Flavanol compounds derived from cocoa may boost the populations of beneficial bacteria in the intestine, says a new study from Mars and the University of Reading.
The study, published in the American Journal of Clinical Nutrition, is said to be the first to show the effect of cocoa flavanols on select gut bacteria in humans, “which suggests the potential prebiotic benefits associated with the dietary inclusion of flavanol-rich foods”, said the researchers.
The majority of science into the potential benefits of cocoa have revolved around cardiovascular benefits of the flavanols (also known as flavan-3-ols or catechins), and particularly the monomeric flavanol (-)epicatechin.
The new study now suggests that cocoa flavanols may also exert a potential prebiotic effect. Prebiotics are defined as “non-digestible (by the host) food ingredients that have a beneficial effect through their selective metabolism in the intestinal tract” (Gibson et al. 2004).
Scientists from the Nestlé Research Center (NRC), BASF and Berlin-based Metanomics GmbH reported earlier this year did report that a that daily consumption of 40 grams of dark chocolate significantly changed a person’s metabolism, as well as changing the metabolism of the gut microflora (Journal of Proteome Research, Vol. 8, pp. 5568-579).
The implications of that study were “that subtle changes in dietary habits, such as eating dark chocolate, can benefit both host and microflora metabolism with potential long term health benefits”, said co-author Dr Serge Rezzi, Head of the Metabonomics and Biomarkers Group at the NRC, in an email correspondence with NutraIngredients in February 2010.
However, the Nestlé study did not go as far as proposing that cocoa flavanols exhibited prebiotic potential.
The new study, led by the University of Reading’s Jeremy Spencer, PhD, and sponsored by Mars, Inc., included 21 healthy adults. Participants of the randomized, double-blind, crossover, controlled intervention study were assigned to consume a beverage containing 23 (low) or 494 (high) milligrams of cocoa flavanols per day. The intervention lasted for four weeks, followed by four weeks of no intervention to ‘washout’ the participants, prior to crossing over to the other intervention for a further four weeks.
Results showed a significant increase in gut levels of bifidobacterial and lactobacilli populations as a result of the high-cocoa phase, compared with the low-cocoa phase. The changes in the lactobacilli numbers were associated with reductions in levels of C-reactive protein (CRP), a marker of inflammation and linked to heart health .
“The increase in the growth of Lactobacillus spp. in response to cocoa flavanols is of note because this bacterial group is associated with beneficial effects in the gut, including an ability to prevent the growth of pathogenic organisms, and most currently accepted prebiotics do not elicit changes in lactobacilli,” wrote Dr Spencer and his co-workers.
“The increased growth of bifidobacteria has been strongly associated with positive effects in the large intestine through the ability of the bifidobacteria to inhibit the growth of pathogens, drive the synthesis of certain vitamins (eg, vitamin B-9), and reduce plasma cholesterol concentrations,” they added.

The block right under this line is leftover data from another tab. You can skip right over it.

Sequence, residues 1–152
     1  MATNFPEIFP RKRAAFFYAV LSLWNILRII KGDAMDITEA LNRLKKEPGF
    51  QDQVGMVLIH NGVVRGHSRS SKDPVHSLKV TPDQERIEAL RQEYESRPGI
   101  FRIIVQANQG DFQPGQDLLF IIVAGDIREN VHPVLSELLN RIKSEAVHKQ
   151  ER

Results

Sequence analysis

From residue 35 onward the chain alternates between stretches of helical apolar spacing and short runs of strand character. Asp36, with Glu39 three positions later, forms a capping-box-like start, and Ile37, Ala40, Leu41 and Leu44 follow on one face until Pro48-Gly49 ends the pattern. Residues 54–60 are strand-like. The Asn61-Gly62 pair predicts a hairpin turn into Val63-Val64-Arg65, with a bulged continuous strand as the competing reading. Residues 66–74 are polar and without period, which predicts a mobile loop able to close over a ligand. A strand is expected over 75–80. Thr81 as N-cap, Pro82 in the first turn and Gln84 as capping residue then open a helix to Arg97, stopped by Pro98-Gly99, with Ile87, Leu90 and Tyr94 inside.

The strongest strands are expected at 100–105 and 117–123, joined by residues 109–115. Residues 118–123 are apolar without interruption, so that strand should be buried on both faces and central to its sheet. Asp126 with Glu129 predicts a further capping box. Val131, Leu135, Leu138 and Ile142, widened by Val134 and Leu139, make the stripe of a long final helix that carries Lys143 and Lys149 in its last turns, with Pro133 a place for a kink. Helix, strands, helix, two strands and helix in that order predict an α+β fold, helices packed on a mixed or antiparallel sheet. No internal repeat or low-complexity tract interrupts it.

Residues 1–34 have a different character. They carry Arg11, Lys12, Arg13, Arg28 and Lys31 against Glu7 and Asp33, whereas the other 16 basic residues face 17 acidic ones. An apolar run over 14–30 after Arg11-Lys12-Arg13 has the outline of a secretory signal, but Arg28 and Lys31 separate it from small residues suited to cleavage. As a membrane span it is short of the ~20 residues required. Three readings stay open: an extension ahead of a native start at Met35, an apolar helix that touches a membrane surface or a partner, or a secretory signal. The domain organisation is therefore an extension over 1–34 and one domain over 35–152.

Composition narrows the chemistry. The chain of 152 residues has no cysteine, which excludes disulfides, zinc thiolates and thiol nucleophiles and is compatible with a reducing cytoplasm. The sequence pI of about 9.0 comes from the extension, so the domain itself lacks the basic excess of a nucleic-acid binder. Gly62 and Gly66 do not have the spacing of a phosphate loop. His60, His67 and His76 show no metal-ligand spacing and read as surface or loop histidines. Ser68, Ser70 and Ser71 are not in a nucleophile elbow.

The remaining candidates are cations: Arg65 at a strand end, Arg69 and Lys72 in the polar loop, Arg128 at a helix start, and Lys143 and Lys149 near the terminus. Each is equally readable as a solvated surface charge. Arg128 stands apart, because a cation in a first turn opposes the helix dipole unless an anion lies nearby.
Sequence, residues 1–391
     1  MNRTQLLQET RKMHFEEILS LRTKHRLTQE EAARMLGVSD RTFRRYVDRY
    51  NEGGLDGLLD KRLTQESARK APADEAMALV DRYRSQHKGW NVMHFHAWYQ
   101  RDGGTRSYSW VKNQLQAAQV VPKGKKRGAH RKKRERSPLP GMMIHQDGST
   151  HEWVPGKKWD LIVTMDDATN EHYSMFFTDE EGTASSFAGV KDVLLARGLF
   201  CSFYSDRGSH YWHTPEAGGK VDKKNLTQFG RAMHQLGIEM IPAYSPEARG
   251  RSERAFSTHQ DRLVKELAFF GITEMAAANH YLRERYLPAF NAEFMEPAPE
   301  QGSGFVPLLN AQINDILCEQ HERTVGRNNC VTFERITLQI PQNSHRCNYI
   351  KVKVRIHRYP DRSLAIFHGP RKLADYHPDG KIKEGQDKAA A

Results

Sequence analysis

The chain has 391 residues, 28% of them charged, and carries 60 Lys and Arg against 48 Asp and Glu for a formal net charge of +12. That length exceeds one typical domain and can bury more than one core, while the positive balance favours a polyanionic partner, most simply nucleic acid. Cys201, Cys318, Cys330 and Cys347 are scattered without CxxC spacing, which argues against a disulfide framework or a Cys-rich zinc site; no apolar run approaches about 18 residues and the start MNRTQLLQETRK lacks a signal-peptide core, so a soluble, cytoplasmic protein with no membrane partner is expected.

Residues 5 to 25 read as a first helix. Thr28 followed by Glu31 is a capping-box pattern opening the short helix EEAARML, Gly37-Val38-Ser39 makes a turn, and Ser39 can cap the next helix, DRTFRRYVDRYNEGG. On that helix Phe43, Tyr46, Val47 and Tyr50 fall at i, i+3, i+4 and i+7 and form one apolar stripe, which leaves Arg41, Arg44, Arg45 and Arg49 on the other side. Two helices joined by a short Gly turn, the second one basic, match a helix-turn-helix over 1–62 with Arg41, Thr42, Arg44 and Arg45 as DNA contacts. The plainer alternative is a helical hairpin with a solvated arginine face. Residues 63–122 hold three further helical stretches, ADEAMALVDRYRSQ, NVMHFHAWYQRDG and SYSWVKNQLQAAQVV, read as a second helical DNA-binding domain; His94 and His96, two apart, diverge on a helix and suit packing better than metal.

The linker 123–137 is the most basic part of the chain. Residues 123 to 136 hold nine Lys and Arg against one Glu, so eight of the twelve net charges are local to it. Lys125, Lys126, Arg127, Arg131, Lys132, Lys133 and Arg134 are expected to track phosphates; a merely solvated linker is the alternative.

In a comparison with established prebiotic fibers, like fructooligosaccharides (FOS) and galactooligosaccharides (GOS), the researchers note that a 5 mg dose of FOS and GOS for 4four weeks was associated with a 0.5 and 1-log10 units increase in Bifidobacterium spp. and/or Lactobacillus spp. numbers, respectively, while the new study indicated 0.2 and 0.35-log10 increases, respectively, for a cocoa flavanol dose of 494 mg per day - amuch lower dose.
“Although linear correlations between the consumption of dietary flavanols and changes in specific colonic bacteria may not exist, it seems likely that, in addition to carbohydrate prebiotics, flavanols, and perhaps most notably oligomeric flavanols, may also produce significant beneficial changes in the colonic bacteria,” they added.
Cocoa, chocolate, Mars
Mars’ interest in the active compounds in cocoa started about 20 years ago when its scientists sought to understand the flavor components of chocolate. The bitter and astringent compounds were isolated, and further study and clinical work showed the health benefits of the monomers and the tannins, particularly (-) epicatechin.
Scientists active in the area are keen to stress that chocolate and cocoa are different terms however, and not interchangeable. According to a review published in the British Journal of Nutrition, “cocoa is the non-fat component of cocoa liquor (finely ground cocoa beans) which is used in chocolate making or as cocoa powder (commonly 12 per cent fat) for cooking and drinks.
“Cocoa liquor contains approximately 55 per cent cocoa butter and together this comprises cocoa solids, often referred to on chocolate packaging. Chocolate refers to the combination of cocoa, cocoa butter, sugar, etc. into a solid food product,” added the reviewers.
Source: American Journal of Clinical Nutrition
2011, Volume 93, Pages 62-72; doi:10.3945/ajcn.110.000075
“Prebiotic evaluation of cocoa-derived flavanols in healthy humans by using a randomized, controlled, double-blind, crossover intervention study”
Authors: X. Tzounis, A. Rodriguez-Mateos, J. Vulevic, G.R. Gibson, C. Kwik-Uribe, J.P.E. Spencer